Thursday, February 15, 2007

Nafas - Part 1

Nafas is the term “to breath” in Indonesian. Sometimes specific breathing methods are termed Pernafasan. (The pre and post “nafas” letters are what convert the verb to a noun in Indonesian.)

Most breathing patterns found within the martial arts, focus around the idea of having the practitioner exhaling upon impact, sometimes accompanied by a short yell or scream often called a “kiai” in Japanese Martial Arts. However, this type of breathing is not exclusive to Japanese arts and can be found in many martial disciplines throughout the world.

The main purpose of the exhaling/yell approach, when performed explosively, is to tighten the abdomen of the person performing the strike, kick or other technique. When done well, this will coordinate the contraction of many of your body’s core muscles when striking and increase your power, however, unless you exhale/yell explosively, no contraction of the abdomen takes place and no power is developed.

As well, there are additional effects of this type of methodology that are also touted such as the ability to distract the attacker, weaken their resolve and even their strength, and provide courage to you and those who might be engaged in battle alongside of you.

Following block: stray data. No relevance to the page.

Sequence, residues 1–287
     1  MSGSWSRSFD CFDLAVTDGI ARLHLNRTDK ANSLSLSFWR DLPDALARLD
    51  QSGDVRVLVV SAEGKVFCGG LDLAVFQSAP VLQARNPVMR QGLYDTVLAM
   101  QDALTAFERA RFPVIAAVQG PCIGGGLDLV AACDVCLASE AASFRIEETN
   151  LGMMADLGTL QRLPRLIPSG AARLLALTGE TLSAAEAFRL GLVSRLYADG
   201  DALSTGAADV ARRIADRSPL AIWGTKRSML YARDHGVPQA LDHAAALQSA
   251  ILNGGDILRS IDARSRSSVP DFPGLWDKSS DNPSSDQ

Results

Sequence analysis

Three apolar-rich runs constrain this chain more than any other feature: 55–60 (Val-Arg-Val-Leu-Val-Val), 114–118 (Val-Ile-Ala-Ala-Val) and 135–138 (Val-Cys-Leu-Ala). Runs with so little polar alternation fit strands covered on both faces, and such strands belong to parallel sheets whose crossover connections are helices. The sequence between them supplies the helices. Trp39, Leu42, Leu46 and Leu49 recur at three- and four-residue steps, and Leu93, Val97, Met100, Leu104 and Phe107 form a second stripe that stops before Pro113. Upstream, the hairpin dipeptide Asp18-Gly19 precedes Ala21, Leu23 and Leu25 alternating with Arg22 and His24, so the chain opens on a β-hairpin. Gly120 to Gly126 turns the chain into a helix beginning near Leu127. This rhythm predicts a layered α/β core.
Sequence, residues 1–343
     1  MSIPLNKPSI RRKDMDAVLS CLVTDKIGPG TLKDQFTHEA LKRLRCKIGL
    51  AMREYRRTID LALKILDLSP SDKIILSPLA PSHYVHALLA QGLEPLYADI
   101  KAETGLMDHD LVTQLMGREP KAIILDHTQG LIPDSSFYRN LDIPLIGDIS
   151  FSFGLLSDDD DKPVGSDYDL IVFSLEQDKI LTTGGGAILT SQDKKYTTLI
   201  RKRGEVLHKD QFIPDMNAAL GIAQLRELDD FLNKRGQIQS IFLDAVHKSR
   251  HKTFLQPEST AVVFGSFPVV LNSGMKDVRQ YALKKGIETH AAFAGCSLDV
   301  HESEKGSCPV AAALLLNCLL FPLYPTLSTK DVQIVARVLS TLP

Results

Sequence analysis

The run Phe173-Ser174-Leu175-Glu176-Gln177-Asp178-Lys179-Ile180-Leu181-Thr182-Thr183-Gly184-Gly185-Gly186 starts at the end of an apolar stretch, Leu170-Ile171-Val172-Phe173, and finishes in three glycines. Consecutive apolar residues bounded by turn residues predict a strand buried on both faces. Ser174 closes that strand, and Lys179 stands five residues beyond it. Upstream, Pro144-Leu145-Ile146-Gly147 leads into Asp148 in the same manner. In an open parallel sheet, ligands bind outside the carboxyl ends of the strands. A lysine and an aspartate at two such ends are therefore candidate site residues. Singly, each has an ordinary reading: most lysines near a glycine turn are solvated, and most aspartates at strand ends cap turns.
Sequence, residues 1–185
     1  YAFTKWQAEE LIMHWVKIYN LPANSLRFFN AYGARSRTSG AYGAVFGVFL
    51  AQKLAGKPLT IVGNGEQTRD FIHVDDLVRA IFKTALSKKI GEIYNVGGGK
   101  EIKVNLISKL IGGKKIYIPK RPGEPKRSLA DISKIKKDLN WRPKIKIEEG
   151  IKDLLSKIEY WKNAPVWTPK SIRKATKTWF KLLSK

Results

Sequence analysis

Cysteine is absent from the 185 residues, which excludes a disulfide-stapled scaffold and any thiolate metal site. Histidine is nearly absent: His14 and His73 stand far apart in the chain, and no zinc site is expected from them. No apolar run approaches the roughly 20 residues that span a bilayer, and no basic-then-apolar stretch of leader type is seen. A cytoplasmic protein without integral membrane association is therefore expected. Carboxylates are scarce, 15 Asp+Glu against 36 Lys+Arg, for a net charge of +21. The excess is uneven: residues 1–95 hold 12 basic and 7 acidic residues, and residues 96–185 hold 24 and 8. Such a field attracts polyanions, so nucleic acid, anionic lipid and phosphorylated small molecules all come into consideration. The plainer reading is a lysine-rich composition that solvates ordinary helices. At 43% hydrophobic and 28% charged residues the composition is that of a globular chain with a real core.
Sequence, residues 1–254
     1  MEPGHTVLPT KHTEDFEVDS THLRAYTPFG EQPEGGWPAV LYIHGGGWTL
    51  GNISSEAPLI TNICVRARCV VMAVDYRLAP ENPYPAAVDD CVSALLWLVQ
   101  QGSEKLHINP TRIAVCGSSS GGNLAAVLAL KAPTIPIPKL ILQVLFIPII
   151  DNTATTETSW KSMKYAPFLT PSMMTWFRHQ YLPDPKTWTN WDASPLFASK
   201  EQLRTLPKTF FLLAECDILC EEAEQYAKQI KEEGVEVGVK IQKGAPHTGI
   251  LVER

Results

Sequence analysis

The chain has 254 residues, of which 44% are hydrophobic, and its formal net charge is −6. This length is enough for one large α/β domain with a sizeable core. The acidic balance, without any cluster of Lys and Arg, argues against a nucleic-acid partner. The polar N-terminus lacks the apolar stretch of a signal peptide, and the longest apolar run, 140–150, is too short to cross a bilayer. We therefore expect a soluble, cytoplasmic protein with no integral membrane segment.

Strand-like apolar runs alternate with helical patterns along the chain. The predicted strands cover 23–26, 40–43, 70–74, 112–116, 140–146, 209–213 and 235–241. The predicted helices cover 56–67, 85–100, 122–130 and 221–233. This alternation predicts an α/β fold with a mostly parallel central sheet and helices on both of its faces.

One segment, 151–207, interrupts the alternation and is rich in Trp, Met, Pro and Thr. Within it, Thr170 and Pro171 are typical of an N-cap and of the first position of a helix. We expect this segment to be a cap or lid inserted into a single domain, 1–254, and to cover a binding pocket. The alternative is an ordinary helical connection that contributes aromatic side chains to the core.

In Pencak Silat Pertempuran we are not overly concerned with spending a lot of time training the specific topic of breathing, especially as it concerns our martial practice. The basic premise can be summed up in this: When striking, hold your breath, and upon contact, release your breath. This is sometimes confusing to people who have studied other arts prior to studying pencak silat Pertempuran.

As a result, it raises questions in the minds of the practitioner as to why we do it essentially the opposite of everyone else. It’s a good question and one that needs to be addressed in depth so here then is my attempt to do just that.

Let’s start with some fundamentals. Air is comprised of 78% Nitrogen, 21% Oxygen, and 1% of several other gases including Argon, Helium, Carbon Dioxide, etcetera, when it goes into our lungs and contains about 14-16% oxygen when it is exhaled. On average, every time we breathe we are using only about 1/3 of the oxygen that we inhale.

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